What’s on Your Back 40?
Experimenting with Regenerative Practices
Experimentation has been at the heart of agriculture since humans first started cultivating the soil many millennia ago. And farming in the 21st century is no different.
Farmers continually strive to find ways to build soil health, ensure profitability, and contribute to a resilient global food system—all while safeguarding the natural resources we all share. Yet, farming practices are not one size fits all. The challenge is finding out which regenerative practices work best on individual farms by testing them out.
“Every farm should have a back 40 on it where we try something different, something that maybe makes us uncomfortable,” says Fred Yoder, chairman Yoder Ag Services LLC, in Plain City, Ohio.
Elyssa McFarland, an Iowa farmer, explains that the back 40 doesn’t have to be 40 acres. “It’s where you try stuff out, where you experiment with new practices that you maybe don’t want to put along the highway if you’re not sure it’s going to turn out the way you thought.”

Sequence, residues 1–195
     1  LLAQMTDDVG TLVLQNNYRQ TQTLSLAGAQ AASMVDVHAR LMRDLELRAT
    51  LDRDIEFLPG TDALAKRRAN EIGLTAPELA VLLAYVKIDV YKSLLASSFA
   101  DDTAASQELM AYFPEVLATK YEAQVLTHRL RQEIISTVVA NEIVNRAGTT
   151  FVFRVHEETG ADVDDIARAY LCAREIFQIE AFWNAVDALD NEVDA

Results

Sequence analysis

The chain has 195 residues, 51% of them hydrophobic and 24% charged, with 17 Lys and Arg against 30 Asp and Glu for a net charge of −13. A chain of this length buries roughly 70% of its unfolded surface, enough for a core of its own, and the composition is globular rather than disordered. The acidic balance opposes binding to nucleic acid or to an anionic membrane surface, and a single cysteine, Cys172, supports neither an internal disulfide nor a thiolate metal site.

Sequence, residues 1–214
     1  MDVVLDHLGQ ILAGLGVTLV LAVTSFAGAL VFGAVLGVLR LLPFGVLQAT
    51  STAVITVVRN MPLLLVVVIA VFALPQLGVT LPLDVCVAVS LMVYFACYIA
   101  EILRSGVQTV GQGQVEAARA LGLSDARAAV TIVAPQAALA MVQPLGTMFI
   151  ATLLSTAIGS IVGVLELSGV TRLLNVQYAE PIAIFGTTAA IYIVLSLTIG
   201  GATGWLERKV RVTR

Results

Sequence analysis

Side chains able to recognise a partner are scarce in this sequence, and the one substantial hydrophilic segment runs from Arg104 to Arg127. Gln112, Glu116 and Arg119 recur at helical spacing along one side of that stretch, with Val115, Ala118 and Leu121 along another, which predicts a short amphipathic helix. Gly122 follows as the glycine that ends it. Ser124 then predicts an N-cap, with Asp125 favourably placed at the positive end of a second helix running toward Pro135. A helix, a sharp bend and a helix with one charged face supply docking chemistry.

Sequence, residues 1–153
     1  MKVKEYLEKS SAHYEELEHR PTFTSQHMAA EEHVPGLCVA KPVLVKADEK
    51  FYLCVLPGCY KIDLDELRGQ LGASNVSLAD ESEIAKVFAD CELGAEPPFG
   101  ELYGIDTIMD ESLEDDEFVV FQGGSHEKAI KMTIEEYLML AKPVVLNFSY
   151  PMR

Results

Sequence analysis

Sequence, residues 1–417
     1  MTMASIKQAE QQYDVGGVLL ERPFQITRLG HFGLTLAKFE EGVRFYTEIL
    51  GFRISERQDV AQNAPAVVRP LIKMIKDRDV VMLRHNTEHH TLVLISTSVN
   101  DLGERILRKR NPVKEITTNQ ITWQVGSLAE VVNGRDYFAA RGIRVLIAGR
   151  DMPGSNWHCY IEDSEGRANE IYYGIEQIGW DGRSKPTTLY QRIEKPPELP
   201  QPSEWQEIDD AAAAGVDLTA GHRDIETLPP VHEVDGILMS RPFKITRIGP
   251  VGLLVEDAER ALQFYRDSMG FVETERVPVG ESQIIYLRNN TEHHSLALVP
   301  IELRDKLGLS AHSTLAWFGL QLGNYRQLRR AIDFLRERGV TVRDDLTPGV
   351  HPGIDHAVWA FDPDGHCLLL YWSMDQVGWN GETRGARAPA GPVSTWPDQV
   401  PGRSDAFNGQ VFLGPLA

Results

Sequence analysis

Testing out various cover crop mixes, for instance, can help a grower determine which species grow the best, build up the most nutrients in the soil, and most effectively control erosion.
On one plot, Yoder is testing 18 species of cover crops seeds and found that the most prolific is the sunflower.
“Each cover crop brings something different,” says Yoder. “Thirty years ago it was estimated that over a five-year period we could be losing up to 100 tons of top soil per acre. Whether you have wind erosion or whether you have water erosion, keep the ground covered and all of a sudden, we’re [not losing soil]. In fact, we’re building. Regeneration of soil is something we better pay attention to.”
To learn more about how you can experiment with cover crops or other regenerative practices, please contact your local NRCS Service Center.